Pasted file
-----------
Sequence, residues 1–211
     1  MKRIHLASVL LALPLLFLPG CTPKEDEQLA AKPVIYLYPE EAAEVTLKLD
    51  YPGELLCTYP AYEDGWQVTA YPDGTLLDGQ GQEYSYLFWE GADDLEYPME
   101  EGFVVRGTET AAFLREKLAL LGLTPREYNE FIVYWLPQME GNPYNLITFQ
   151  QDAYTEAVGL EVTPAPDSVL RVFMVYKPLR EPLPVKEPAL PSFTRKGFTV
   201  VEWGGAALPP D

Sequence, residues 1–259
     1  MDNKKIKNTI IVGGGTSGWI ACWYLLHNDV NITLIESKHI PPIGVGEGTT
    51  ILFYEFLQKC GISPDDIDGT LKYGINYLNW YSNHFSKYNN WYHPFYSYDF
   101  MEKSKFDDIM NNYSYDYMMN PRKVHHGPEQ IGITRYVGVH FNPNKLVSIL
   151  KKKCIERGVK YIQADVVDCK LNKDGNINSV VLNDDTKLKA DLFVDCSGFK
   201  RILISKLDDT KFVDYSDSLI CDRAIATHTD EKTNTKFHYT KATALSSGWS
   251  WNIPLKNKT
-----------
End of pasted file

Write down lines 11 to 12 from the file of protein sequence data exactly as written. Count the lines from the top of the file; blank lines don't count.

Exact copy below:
   151  KKKCIERGVK YIQADVVDCK LNKDGNINSV VLNDDTKLKA DLFVDCSGFK
   201  RILISKLDDT KFVDYSDSLI CDRAIATHTD EKTNTKFHYT KATALSSGWS